Historical Moments of Malawi

Every known tribe in the world once had a name it was called before circumstances had to happen for a new name. Malawi wasn’t left out. Malawi was derived from the word Maravi which means ” Flames”.


In the late 15th century, A dynasty in the Maravi Empire was created by the Amaravi people, who later became known as Chewa( meaning ” foreigner” ). Who moved to Malawi from the region of the modern -day Republic of Congo to escape unrest and disease. The Chewa attacked the Akafula, whom no longer exist.

After the migration to Malawi, The Maravi Empire stood ground on the southwestern shores of Lake Malawi. (Which was later discovered in the present age that Early humans actually inhabited the Lake Malawi 50,000 to 60,000 years ago through a hominid jawbone that was discovered between 2.3 and 2.5 million years old near Uraha Village in the year 1991) .

During the expansion , A leader was choosen to represent and rule the Empire. The name given to the leader is Kalonga (Karonga). The Kalonga had an headquarter in Mankhamba where matters where addressed and sub chiefs were appointed to occupy the new areas.

In the 18th century, There was a diaster in the empire that almost lead to the fall and possession of power in the Maravi Empire. Fights among the subchiefs and growing slave trade almost lead to the fall of the Maravi Empire in the 18th century.

The diminution of The Maravi Empire, resulted to the entrance of powerful groups into the region of Malawi. In the 19th century, Among the groups that came, The people of Yao, The people of Angoni are the two main groups that can still be listed as the dominant tribes to successfully settle in the Maravi Empire.


The Angoni were part of a great migration, known as the Mfecane, of people fleeing from the head of the Zulu Empire, Shaka Zulu. The Mfecane had a significant impact on Southern Africa. The Angoni adopted Shaka’s military tactics to subdue the lesser tribes, including the Maravi, they found along the way.

Staging from Rocky areas, the Ngoni would raid the Chewa( also called Achewa) and plunder food, oxen and women. Young men were drawn in as new fighting forces while older men were reduced to domestic slaves and sold off to Arab slave traders operating from the Lake Malawi region. The Angoni migration into Malawi was led by their chief called Zwangendaba.


They were the second group to successfully dominate the settlement of Maravi Empire. The Yao were richer and more independent than the Makuwa. They came to Malawi from Northern Mozambique to escape from famine or conflict with the Makuwa people who were jealous of the Yao. Although, the migration which the Yao to leave is still unknown as more research is still going on.

The Yao, upon migrating to Malawi in the 1800s, soon began buying slaves from the Chewa and Ngoni. The Yao are recorded to have also attacked them in order to capture prisoners whom they later sold as slaves.

It was through David Livingstone the world learnt that the Yao were great slavers who were capturing the Mang’anja.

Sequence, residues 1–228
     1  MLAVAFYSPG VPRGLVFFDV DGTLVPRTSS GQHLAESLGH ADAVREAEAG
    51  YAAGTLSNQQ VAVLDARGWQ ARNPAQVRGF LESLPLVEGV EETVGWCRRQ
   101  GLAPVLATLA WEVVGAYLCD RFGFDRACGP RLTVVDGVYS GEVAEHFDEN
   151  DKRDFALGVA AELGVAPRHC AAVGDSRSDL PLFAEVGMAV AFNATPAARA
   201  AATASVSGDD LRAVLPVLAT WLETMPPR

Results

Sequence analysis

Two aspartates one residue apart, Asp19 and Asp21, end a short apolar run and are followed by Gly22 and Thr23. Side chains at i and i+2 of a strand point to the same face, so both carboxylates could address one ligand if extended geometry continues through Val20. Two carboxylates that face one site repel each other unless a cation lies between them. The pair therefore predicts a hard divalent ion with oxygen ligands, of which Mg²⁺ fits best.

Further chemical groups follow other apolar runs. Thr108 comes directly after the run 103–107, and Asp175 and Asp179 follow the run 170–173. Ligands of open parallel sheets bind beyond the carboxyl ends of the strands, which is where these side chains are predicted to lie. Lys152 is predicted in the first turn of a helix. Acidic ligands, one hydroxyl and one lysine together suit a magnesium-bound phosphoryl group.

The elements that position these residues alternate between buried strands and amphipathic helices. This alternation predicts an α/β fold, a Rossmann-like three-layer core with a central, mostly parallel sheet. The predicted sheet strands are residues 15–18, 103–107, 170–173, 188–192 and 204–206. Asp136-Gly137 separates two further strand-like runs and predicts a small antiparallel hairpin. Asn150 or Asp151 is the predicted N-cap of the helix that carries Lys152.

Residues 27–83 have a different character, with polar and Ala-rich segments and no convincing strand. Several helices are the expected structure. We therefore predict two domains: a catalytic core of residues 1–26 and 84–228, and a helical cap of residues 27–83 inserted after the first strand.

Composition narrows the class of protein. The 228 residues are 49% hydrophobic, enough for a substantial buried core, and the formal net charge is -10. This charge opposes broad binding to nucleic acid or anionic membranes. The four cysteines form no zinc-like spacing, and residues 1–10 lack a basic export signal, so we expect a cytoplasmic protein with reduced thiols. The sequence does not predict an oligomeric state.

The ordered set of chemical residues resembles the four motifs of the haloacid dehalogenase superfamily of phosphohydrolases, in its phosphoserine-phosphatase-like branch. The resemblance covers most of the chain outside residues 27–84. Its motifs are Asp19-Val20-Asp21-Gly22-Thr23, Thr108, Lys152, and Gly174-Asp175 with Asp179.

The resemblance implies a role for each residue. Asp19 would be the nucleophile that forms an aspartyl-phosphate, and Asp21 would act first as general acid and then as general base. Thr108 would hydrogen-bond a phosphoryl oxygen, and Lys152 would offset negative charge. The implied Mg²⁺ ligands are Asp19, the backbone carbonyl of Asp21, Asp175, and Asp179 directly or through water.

In 1859, livingstone recorded that he had discovered Lake Malawi. Within two years of the discovery of the lake Nyasa, Livingstone had to review his plans for colonising Malawi. He used the church to start the process of colonising the land.

The unknown intention of Livingstone was to colonized Central Africa. It was achieved by the state of the church resulting in the defeat of the powerful Yao and Ngoni Chiefs in the 1890s. The mission was later abandoned after the death of Bishop Mackenzie (Livingstone partner). The universities mission to Central Africa (U. M.C.A) shifted its base to Morumbala in Mozambique.


In the early 19th century, Different scenarios were used in describing the situation of the country. Exchange of power between the British and Malawi took place during this period.

In January 1915, John Chiembwe, a millenar pastor in South– Eastern Nyasaland, led an unsuccessful revolt known as the Chilembwe uprising, against the British rule. Soon, Chilembwe was killed, and many of his followers were executed.

A prominent name that runs in the mind of the people of Malawi is Hastings Banda. In July 1958, Dr Hastings kamuzu Banda returned to the country after a long stay in the United States, the United kingdom and Ghana.

On his arrival, he assumed the leadership of the NAC ( changed to Malawi Congress Party, MCP). He was arrested in 1959 and was sent to Gwelo prison for his political activities but released in 1960. Hastings Banda became prime minister on February 1 1963, with the British still in control of all the systems.

On the 6th of July 1964, Malawi became a fully independent country, colonized by the British.

In 1970, Hastings Banda was declared president for life of the MCP, and in 1971, Banda consolidated his power and was named president for life of Malawi itself. He was a dictator, and also an unjustified element who ruled the country in a bad way.

Many attempts were made to remove him from power but failed. His cabinet members, ex– minsters ( who he sent on exile) tried but failed. Some were killed, jailed for this reason. He was later deposed in 1993.

The country became a one party state rule having Hastings Banda as its first president after lots of deliberation on the issue.

The Source: Wikipedia

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